MADRID – Evaluating one new oncology drug is hard enough, but a novel collaborative clinical trial is taking on the task of testing five experimental drugs at once.
The Lung-MAP trial is using genomic profiling to direct patients to one of five simultaneous sub-studies that best fits their tumor’s genomic profile.
The treatments are for second-line, recurrent squamous cell lung cancer, an area of tremendous unmet need, according to Dr. Roy Herbst, chair of the Lung-MAP steering committee and chief of medical oncology at the Yale Cancer Center, New Haven, Conn.
The novel design of the phase II/III trial should speed up assessment and approval of investigational drugs, and improve the likelihood that patients from the most highly academic to the most rural community sites will receive a targeted therapy.
“It’s really open throughout the country and that makes me very proud that we’re bringing molecular profiling and new drugs to patients of all resource levels,” Dr. Herbst said.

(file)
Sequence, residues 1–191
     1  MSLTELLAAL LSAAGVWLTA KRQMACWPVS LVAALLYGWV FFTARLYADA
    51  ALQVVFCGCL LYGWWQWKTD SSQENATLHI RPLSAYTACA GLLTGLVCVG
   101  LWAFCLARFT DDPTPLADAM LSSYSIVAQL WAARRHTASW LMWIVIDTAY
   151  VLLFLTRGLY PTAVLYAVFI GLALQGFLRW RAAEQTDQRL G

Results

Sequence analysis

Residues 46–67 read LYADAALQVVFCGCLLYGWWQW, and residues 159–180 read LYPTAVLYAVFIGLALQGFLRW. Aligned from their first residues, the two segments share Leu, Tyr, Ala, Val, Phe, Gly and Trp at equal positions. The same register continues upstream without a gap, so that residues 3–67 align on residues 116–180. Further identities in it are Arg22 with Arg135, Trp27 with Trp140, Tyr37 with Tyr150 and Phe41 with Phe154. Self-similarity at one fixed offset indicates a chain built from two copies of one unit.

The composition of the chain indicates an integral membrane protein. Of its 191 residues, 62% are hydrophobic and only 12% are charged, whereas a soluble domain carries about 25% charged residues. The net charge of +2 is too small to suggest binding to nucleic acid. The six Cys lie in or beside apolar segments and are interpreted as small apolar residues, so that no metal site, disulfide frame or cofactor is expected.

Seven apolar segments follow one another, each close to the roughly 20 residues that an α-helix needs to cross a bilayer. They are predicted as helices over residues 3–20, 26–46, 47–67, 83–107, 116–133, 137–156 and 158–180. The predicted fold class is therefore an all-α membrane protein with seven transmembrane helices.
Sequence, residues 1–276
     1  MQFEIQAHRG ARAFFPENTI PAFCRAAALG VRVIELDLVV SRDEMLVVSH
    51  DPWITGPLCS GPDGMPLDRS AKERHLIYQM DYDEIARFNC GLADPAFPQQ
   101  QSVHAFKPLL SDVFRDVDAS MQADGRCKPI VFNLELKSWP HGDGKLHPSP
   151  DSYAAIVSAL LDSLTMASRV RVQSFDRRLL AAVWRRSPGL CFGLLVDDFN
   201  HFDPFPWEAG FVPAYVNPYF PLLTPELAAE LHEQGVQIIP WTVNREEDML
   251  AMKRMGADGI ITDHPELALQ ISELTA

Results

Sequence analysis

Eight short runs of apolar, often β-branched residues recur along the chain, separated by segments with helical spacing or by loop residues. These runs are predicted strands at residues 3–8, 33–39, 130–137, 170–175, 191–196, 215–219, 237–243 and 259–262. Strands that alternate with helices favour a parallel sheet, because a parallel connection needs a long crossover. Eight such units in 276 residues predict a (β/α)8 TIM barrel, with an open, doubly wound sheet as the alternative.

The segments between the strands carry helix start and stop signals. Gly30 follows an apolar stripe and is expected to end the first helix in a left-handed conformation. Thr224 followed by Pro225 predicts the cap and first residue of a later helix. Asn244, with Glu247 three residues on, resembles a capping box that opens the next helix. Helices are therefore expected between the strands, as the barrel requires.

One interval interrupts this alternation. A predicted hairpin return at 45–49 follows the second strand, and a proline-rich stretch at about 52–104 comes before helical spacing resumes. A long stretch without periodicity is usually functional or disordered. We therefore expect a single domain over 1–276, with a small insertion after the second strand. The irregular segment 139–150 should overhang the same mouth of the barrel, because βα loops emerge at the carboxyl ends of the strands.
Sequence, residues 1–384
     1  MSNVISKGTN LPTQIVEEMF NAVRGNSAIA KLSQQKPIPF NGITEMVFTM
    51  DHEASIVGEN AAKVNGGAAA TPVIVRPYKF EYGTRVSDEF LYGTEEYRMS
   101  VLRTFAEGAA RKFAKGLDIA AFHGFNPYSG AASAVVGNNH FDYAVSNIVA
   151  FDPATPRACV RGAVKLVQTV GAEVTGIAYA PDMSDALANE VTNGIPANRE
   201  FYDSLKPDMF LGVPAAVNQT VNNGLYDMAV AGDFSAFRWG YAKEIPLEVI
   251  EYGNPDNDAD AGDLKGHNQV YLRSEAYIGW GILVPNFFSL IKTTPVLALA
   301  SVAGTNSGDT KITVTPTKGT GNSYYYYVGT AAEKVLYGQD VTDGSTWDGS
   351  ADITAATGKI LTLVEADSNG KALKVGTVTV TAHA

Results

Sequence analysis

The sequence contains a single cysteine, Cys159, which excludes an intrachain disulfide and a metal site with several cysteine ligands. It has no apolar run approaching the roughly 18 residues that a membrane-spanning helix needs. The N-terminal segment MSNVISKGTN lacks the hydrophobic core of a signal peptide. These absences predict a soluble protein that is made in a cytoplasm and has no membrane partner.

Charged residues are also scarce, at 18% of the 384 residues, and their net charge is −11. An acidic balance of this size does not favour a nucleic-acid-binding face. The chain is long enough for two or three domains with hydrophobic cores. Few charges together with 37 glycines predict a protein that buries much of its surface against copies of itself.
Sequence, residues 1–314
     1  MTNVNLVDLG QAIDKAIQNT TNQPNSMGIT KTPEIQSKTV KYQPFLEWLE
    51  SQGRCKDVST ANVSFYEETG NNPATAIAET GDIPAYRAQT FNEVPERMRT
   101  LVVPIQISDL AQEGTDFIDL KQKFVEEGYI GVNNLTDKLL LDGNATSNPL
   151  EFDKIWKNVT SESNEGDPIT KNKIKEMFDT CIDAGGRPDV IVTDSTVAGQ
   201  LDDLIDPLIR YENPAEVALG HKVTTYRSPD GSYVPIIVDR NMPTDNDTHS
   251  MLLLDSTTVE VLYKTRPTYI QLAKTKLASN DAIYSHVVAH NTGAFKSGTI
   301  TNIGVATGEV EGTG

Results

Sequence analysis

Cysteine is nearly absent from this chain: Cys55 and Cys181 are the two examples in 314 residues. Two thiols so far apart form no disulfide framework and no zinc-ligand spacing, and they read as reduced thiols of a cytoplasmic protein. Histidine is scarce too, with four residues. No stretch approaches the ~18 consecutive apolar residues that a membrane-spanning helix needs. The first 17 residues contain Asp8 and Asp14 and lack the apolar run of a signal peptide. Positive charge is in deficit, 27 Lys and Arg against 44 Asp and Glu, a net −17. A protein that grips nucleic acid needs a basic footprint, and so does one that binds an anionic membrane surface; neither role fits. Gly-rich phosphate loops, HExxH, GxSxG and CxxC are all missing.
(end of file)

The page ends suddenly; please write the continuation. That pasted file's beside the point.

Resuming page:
Watch our interview with Dr. Herbst at the annual congress of the European Society for Clinical Oncology, where he spoke about Lung-MAP in a special session on new clinical trial designs.
LungMAP is sponsored by the Southwest Oncology Group with collaboration from several public and private partners including the National Cancer Institute.
Groups interested in participating in Lung-MAP can contact Lung-MAP protocol coordinator Crystal Miwa at email@example.com or Dr. Herbst at Roy.Herbst@yale.edu.
Details on the protocol are also available at clinicaltrials.gov or the Lung-MAP website.
Dr. Herbst reported serving on the science advisory board of Biothera, DiaTech Oncology, Koltan, and N of One.